A Family for All Seasons There's always a harvest for the Eastern Shore's Calloway clan

January 22, 1995|By Tom Horton | Tom Horton,Sun Staff Writer

Athol, Md. -- Moonlight bathes the sleeping Eastern Shore countryside. A truck, Hungry Neck Farm painted on the door, rolls into the Calloway brothers' farmyard, soon followed by a pickup, and then another.

It's five days until Christmas, half an hour until dawn, 12 degrees below freezing. The last soybeans are cut, and the poultry houses are dark -- catchers from Perdue have taken the latest flock to the processing plant. Many farmers might consider lolling a bit now, but the Calloways of western Wicomico County, two brothers, three sons and their families, are invested in this region to an extent seldom seen in modern times. For them, there is nearly always something to harvest.

Their lifestyle reflects a way of living all but gone from the 20th-century Chesapeake. They are both farmers and watermen, their existence tied equally to the Nanticoke River and the lands that border it.

This morning, the small caravan heads south from the crossroads of Athol, then west toward the Nanticoke along a broad peninsula called the Hurley Neck (Hungry Neck to locals since anyone can remember). Finally, it bumps down a long, dirt lane that ends where two outboard-powered skiffs, coated with frost glistening in the dawn, are tied to a dock on Rewastico Creek.

Few words are spoken. Everyone knows the drill. In minutes the skiff, with Billy, 57, his brother Eddie, 51, and Billy's youngest son, Clayton, 32, is skimming the creek's smooth surface, past banks of tall, brown cordgrass. The second skiff, carrying Billy's sons, Tommy, 36, and David, 33, roars past, bound for the main Nanticoke.

They will travel several miles to begin fishing the family's nets near the river's mouth in Tangier Sound. Working back upstream, they will meet the others, fishing their way downriver from near Vienna, where U.S. 50 bridges the Dorchester and Wicomico shores.

From September until May, the Calloways, who annually farm more than a thousand acres of grain and raise close to a million chickens, will also fish as many as 28 commercial fyke and pound nets along 12 to 15 miles of this tidal Chesapeake tributary.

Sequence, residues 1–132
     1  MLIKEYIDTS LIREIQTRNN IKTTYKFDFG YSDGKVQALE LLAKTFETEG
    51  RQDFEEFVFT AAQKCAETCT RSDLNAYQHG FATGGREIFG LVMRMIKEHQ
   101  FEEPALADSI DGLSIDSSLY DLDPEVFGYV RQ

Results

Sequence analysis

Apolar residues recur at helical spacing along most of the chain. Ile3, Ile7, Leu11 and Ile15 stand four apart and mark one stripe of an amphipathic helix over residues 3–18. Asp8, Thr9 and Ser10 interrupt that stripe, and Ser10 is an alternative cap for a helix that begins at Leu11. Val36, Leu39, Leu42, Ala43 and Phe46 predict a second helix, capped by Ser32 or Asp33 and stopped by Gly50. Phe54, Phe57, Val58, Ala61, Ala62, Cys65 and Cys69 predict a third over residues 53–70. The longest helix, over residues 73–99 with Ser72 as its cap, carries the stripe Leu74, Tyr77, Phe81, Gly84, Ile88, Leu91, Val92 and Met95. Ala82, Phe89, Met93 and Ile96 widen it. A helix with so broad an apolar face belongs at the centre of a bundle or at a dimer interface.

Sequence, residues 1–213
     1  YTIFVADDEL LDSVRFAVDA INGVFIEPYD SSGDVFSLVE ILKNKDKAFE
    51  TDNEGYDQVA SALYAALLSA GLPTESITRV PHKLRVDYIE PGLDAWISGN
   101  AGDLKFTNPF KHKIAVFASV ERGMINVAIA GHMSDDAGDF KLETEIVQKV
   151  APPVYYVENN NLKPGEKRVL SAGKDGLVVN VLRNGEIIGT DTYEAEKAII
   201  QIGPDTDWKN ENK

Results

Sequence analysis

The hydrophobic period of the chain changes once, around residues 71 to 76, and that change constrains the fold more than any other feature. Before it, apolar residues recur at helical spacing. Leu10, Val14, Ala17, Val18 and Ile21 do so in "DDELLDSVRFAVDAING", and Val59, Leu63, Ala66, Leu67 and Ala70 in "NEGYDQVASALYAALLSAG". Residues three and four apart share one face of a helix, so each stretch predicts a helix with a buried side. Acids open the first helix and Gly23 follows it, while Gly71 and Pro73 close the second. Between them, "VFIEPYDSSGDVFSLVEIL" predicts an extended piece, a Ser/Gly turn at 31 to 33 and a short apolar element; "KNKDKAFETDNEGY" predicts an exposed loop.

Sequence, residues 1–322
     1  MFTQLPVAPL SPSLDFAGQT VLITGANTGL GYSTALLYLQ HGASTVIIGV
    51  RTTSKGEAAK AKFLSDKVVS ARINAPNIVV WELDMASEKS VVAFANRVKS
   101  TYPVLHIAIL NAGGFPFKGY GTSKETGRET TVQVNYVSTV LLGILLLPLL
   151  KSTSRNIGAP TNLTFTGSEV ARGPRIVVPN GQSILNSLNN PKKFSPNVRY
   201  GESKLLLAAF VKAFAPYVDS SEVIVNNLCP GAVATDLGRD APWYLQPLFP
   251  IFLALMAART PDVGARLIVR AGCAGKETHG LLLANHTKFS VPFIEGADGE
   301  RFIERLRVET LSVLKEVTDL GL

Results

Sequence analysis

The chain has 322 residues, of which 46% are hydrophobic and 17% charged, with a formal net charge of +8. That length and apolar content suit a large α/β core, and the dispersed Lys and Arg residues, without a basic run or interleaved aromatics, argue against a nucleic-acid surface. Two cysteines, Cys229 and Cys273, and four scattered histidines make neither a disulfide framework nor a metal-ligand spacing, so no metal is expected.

In their "spare" time, they trap for fur and meat in the river's marshes, taking up to 5,000 muskrats, and drift gill nets for rockfish and white perch. They also grow and sell direct to city buyers enough vegetables and melons to keep their storefront -- a camping trailer -- manned by family members in New Jersey all summer.

At one time or another, the men say, they have tried about everything the region has to offer: oystering, eel potting, raising hogs and cattle, making sausage and scrapple, "turkling" (catching snapping turtles), trapping coons and foxes, deer hunting (they will take half a dozen or so a year for meat), making and selling wreaths of the crows foot they pick from their woods.

"To my knowledge, the Calloways are unique around Chesapeake Bay . . . the extent to which they live off the land and water," says Dale Weinrich, a state fisheries biologist. His crews go out with commercial fishermen, baywide, to survey spawning fish stocks. Since 1988 the Calloways have become, for the biologists, a valuable window into the life of the Nanticoke.

Working the water

On this December day, our first stop is near the mouth of Rewastico Creek, where an L-shaped layout of poles and netting intercepts fish and leads them into a fyke net anchored on the bottom.

A fyke is a long, mesh bag, held open by a series of hoops. Fish pass farther and farther into the fyke through an interior net that narrows to a "throat." Once through the throat, they cannot find their way back out.

Billy eases the skiff forward as Clayton leans over the bow and hooks a cork, whose attached line enables him and Eddie to begin hoisting the fyke's 6-foot diameter hoops and heavy mesh. Thick, black mud spatters on their oilskins as they heave.

The catch, a thrashing, squirming mass shaken down into the net's tail end, is small but of high quality: "White perch . . . the water has to get colder before they'll go good into a net, but this is the best we've done," says Billy. The fish are already forming roe, and will run up Nanticoke creeks to spawn come March and April. The market is sky-high right now, $1.20 a pound for big ones.

The fyke yields a variety: a few decomposing cormorants that dove into the net to steal its fish; a hefty, 12- to 15-pound rockfish that is out of season and goes back overboard; assorted species of catfish, perhaps the river's most consistent catch; also several gizzard shad, considered trash fish, but fetching a fair price in certain months as feed for Southern catfish farms.

As Clayton and Eddie sort and box the keepers, Billy drives the skiff downriver to fish a pound. This is a major net -- more than 100 poles, each the size of a small tree, pounded four to six feet into the river's bed. Attached to these, a complicated series of overlapping mesh panels, tensioned by myriad ropes, guides fish into an enclosure, or pound, again through a throat.

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